the surface layer of the previously softened and now expanded resin material while it is in the shaping die pas sage by cooling the surface layer of the resin material in the die passage to a temperature below the softening point and thereby provide a die shaped profile having a i from said unconfined zone into the die passage, and
regulating the rate of advancement of the resin material from said unconfined zone into the die passage inaccordance with the size of the mass of resin material in j i the unconfined zone, the control providing for maintenance of a mass of cross sectional larger than the cross section of the die passage.
9. A method for making continuous lengths of resin profiles from softened thermoplastic resin material containing a foaming or expanding agent,,comprising delivering the resin material under pressure through J and out of an annular confining passage into an'unconfined zone of lower pressure, the temperature and pressure of the resin material in the confining passage pro? viding a softened but unexpanded condition of'the resin 1 I i material therein and the pressure of the resin material in the unconfined zone providing for expansion of the resin material, delivering the expanded resin material I from the unconfined zone into an annular shaping die passage, solidifying the inside and outside surfacelayers of the previously softened and now expanded resin material while it is in the die passage by coolingthe in- A side and outside surface layers of the resin material in the die passage to a temperature below the softening point and thereby provide a die shaped tubular profile having an expanded core with a dense skin at the inside and outside surfaces, and applying axial tensionto the expanded material in the die passage by gripping the resultant shaped profile downstream ofthe die and pulling on the profile to advance the resin material A i from said unconfined zone into the die passage.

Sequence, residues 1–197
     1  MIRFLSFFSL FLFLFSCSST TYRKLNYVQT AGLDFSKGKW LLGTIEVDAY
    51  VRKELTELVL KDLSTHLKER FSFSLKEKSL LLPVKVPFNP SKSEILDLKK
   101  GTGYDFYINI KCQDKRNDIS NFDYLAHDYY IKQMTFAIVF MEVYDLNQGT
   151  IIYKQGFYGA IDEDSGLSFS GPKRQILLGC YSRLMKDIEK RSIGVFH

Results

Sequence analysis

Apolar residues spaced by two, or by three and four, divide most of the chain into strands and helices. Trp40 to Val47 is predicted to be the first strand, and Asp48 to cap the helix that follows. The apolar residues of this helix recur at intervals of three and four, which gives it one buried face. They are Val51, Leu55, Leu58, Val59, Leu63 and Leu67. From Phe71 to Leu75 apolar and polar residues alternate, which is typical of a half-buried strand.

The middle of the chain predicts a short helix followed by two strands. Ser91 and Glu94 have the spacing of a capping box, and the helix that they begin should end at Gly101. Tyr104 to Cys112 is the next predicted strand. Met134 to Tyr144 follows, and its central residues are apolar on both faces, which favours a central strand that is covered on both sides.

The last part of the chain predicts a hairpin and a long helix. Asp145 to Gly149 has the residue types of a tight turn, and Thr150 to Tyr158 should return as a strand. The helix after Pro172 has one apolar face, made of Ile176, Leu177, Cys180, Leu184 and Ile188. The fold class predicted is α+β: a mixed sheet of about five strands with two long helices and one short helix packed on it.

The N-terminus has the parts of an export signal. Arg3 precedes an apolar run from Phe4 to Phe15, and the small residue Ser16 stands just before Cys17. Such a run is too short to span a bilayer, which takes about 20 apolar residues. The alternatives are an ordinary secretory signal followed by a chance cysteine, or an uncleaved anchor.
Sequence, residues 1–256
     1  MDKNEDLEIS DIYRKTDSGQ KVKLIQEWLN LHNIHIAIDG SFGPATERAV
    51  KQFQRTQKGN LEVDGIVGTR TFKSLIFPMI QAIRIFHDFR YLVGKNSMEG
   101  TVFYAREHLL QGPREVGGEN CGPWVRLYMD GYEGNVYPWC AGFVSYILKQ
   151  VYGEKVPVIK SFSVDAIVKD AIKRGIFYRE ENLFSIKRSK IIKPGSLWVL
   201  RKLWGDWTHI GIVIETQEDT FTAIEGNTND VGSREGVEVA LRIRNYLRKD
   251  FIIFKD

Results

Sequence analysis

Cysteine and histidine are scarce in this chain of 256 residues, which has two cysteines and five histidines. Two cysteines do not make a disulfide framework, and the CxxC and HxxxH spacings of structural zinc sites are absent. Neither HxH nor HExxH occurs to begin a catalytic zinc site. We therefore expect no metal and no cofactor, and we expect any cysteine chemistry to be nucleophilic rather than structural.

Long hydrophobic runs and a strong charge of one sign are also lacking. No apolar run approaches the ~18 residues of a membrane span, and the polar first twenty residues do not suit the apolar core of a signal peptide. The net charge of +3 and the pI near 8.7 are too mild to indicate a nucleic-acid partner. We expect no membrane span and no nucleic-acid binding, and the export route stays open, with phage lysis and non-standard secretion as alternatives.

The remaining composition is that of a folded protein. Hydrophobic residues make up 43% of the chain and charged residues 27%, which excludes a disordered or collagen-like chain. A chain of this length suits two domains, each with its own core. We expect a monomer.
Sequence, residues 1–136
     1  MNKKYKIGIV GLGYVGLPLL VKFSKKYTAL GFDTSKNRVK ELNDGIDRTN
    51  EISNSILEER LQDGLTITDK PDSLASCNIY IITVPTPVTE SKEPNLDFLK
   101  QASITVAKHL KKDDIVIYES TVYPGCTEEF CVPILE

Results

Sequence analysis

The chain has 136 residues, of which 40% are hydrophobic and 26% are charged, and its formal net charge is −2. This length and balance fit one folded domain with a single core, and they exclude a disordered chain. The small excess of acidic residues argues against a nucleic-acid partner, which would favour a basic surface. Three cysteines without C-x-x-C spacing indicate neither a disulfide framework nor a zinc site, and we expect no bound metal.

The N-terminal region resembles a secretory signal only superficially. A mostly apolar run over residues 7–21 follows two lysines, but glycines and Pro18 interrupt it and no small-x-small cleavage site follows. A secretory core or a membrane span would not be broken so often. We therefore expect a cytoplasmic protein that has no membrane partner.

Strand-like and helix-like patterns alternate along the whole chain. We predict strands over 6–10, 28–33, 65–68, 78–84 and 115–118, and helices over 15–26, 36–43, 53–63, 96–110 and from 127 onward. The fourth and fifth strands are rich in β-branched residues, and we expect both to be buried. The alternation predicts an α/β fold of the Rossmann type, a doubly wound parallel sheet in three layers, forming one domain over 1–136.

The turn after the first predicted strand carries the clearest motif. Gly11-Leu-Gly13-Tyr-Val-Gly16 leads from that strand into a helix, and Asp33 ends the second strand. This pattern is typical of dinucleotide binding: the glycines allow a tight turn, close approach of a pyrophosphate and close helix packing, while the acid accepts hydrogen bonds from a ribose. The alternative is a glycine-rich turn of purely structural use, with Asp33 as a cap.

Hit. A method as defined in claim Q in which the rate A of advancement of the resin material from the uncon fined zone into the shaping passage is sufficiently high to ensure only partial expansion of the resin material in, the unconfined zone and to ensure substantial expansion in the shaping passage.
11. A method for making continuous lengths of resin profilesfrom thermoplastic resin material con'taininga foaming or expanding agent, comprising heating the i resin material sufficiently to soften the resin material to flowable condition, delivering the softened resin mateg rial under pressure through and out of a confining pas 2 U sage into an unconfined zone of lower pressure, the temperature and pressure of the resin material in the it t I confining passage maintaining a softened but ,unexj I 1'1, panded condition of the resin material therein and the I pressure of the resin material in the unconfined 'zone' providing for partial expansion of theresin material I under action of the foaming agent, delivering the partially expanded resin material from the unconfined zone into a shaping die passage having cross sectional resin material in the entrance end portion of, the die passage to a temperature below the softening point, ap I plying axial tension to the expanded material in the die passage by gripping the resultant shapedprofile downi rial under pressure through and out of a confining passage into an unconfined zone of lower pressure, the temperature and pressure of the resin material in the confining passage maintaining a softened but unexpanded condition of the resin material therein and the pressure of the resin material in the unconfined zone providing for partial expansion of the resin material under action of the foaming agent, delivering the partially expanded resin material from the unconfined 18 zone into a shaping die passage having cross sectional dimensions the same as those of the profile being made and in which said cross sectional dimensions are uniform throughout a substantial length of the die passage, solidifying the surface layer of the previously softened resin material while it is in the shaping die passage by cooling the surface layer of the resin material in the entrance end portion of the die passage to a temperature below the softening point, applying axial tension to the expanded material in the die passage by gripping the resultant shaped profile downstream of the shaping die passage and pulling on the profile to advance the resin material from said unconfined zone into and through the die passage, and regulating the pulling and thus the rate of advancement of the profile in accordance with the cross sectional area of the mass of resin material in the unconfined zone, the regulation providing for maintenance of a mass of cross sectional area greater than that of the shaping die passage.
|Patente citada||Fecha de presentación||Fecha de publicación||Solicitante||Título|
|US2256483 *||21 Jun 1939||23 Sep 1941||Du Pont||Synthetic spongy material|
|US2451986 *||25 May 1943||19 Oct 1948||Extruded Plastics Inc||Thermoplastic extrusion method|
|US2537977 *||15 Jul 1948||16 Ene 1951||Dow Chemical Co||Method of making a shaped thermoplastic cellular product|
|US2624913 *||16 Jul 1948||13 Ene 1953||Polymer Corp||Mechanism for forming strip stock from polyamides|
|US2893877 *||2 Jul 1958||7 Jul 1959||Monsanto Chemicals||Method for packaging meat|